Uh-oh, the liberals are having a conniption. They’ve decided that President Trump ousted General McMaster and brought in Ambassador John Bolton because he is assembling a war cabinet. After all, Bolton has a reputation as a saber-rattler and there were stories (sadly on the conservative side) that McMaster fought against Trump’s pro-Israel policies, supports the Iran deal, thinks Trump was too hard on North Korea and not hard enough on Russia.
Allow me to start with the McMaster rumors. NONSENSE!
We’ve has twice addressed McMaster’s strong relationship with Israel in these columns. He was one of the authors of the president’s strategy announced in October that he was not going to recertify the Iran deal and giving the lousy deal’s supporters in Congress and in Europe six months to make it better before the U.S. pulled out.
A Wall Street Journal editorial after the president announced the personnel switch, praised McMaster for helping the Trump maneuver through the North Korean crisis. As far as Russia goes, McMaster’s policy before the 2016 election was to rethink the way the U.S. military approached Russian aggression without getting the nation into World War II, -but he did not eliminate the possibility of talks.
So why is McMaster out and Bolton in? It isn’t ideology, because McMaster’s take on most issues is probably closer to the president’s than Bolton’s. It’s really a matter of style. McMaster is an incredibly talented strategist; however, his style is too verbose for this president. As the Washington Post suggested, “The president has complained that McMaster is too rigid and that his briefings go on too long and seem irrelevant.”
As for Bolton, he was chosen for a few reasons. Bolton’s style is very direct and bottomline. Trump knew that if he was going to replace McMaster it would be best if he did it with a well-known name, to calm down the claims of chaos. And finally, while it’s true that the ambassador is more “hawkish” than the general, despite what the liberal media claims President Trump likes to be challenged with differing positions (just as long as the challenger understands that once the president makes his decision it’s time to fall in line).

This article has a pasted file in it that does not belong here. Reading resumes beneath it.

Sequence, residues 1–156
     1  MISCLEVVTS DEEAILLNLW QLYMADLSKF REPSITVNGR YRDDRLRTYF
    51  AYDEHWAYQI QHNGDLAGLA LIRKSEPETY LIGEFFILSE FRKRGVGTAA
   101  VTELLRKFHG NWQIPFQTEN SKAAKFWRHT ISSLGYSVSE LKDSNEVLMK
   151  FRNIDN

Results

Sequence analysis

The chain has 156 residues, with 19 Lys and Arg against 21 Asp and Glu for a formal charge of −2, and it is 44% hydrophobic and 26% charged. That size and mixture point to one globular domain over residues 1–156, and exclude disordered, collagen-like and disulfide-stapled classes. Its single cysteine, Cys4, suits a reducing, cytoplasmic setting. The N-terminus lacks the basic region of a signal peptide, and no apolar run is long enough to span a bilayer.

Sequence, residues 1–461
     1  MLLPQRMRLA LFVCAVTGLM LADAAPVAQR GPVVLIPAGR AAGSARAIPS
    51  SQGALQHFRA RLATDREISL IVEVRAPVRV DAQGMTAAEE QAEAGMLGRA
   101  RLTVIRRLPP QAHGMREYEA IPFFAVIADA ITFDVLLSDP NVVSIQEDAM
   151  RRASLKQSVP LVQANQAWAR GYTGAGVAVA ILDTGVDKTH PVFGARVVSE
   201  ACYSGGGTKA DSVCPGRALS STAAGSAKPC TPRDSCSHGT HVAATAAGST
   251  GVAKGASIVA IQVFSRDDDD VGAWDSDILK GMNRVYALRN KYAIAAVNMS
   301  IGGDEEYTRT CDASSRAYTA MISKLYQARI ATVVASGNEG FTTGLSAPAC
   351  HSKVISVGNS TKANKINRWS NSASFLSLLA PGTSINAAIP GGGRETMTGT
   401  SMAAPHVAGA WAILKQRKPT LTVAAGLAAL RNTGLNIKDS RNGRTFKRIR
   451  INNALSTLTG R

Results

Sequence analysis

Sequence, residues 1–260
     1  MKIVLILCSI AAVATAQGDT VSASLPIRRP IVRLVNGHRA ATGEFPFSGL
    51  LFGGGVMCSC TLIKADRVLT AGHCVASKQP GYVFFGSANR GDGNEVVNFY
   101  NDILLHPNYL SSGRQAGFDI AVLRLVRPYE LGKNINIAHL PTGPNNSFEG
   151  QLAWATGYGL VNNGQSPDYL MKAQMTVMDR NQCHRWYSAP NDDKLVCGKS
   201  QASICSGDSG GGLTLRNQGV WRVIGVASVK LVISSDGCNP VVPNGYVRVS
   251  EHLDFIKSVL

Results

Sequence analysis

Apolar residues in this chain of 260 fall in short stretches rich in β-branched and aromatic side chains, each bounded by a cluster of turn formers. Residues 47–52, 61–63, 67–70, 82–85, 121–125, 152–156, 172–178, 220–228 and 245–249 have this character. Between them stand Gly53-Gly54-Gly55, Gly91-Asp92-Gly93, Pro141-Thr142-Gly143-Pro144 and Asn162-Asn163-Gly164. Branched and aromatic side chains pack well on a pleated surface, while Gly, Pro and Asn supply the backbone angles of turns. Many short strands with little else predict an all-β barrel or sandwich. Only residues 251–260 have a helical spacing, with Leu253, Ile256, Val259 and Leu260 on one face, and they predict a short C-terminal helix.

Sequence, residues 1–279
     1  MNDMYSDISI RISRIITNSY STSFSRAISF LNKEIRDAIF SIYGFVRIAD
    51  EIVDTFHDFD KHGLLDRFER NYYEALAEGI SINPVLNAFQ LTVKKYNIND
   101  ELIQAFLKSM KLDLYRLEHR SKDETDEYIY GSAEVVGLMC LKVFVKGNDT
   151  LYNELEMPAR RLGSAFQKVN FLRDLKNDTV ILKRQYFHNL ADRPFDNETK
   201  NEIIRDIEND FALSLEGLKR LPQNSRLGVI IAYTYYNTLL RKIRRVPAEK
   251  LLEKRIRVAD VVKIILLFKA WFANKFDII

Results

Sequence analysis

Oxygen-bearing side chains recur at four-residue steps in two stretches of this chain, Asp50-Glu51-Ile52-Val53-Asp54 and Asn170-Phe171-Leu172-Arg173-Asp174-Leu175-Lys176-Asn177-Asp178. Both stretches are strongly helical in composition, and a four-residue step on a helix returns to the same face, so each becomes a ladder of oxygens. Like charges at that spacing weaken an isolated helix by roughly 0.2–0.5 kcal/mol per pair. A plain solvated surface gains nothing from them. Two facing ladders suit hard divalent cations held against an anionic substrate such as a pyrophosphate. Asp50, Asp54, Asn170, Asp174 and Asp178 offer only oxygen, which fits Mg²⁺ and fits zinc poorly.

In a Wall Street Journal op-ed last month, Bolton outlined a legal case for attacking North Korea before it can develop the capability of a first strike against the U.S. His argument wasn’t far removed from that of the president, who promised that rocket-man would not be allowed the ability to put a nuclear weapon atop a missile that can reach American territory or the territory of our allies.
Over the past year, Bolton has periodically visited the White House to advise the POTUS. Those visits built a relationship.
Harry Kazianis, director of defense studies at the Center for the National Interest, a think tank founded by former President Nixon, said he believed that Trump and Bolton have “jelled” through conversations over the past year and predicted Bolton could be a forceful presence in the West Wing.
“Trump likes someone who will tell him straight how it is,” Kazianis said. “I don’t think Trump would have brought him in as national security adviser if he didn’t think it would work out. It could be a very strong marriage, where Bolton serves out the whole tenure of the administration.”
Bolton certainly has the credentials for the position, having served as undersecretary of state for arms control and United Nations ambassador during the Bush administration. The only issue where he diverges from the president is that he was an early advocate for the Iraq war, which Trump has severely criticized.
Like his domestic policy, Trump’s foreign policy is based on the idea of “America first.” That doesn’t mean he doesn’t believe in military intervention to promote democracy and nation building, but that will he will only commit new forces when America or our close allies are is in danger. The liberals need to calm down because the bottom line is no matter who the national security advisor this president is not going to be bullied into a military action that isn’t crucial to protect America and her allies.
Bolton is not the shoot first ask questions later type that has been portrayed in the liberal media. He does hate the Iran deal (as does the president), but in a detailed National Review essay in August 2017, Bolton advocated for dumping the JCPOA but only after an extended diplomatic effort
It’s been much easier for Bolton to rattle sabers as Fox commentator with two minutes to be controversial and make an impression, than it will be as a national security adviser who makes recommendations that could be the difference between war and peace, life and death. Bolton is a smart man who understands his role.
I was and remain a big fan of McMaster, who served this country honorably for 34 years. But if he was going to be replaced, John Bolton, who was described by Rep. Lee Zeldin of Long Island as “ridiculously knowledgeable,” is a perfect choice. He will be an asset to the administration, and more importantly, to the security of the United States.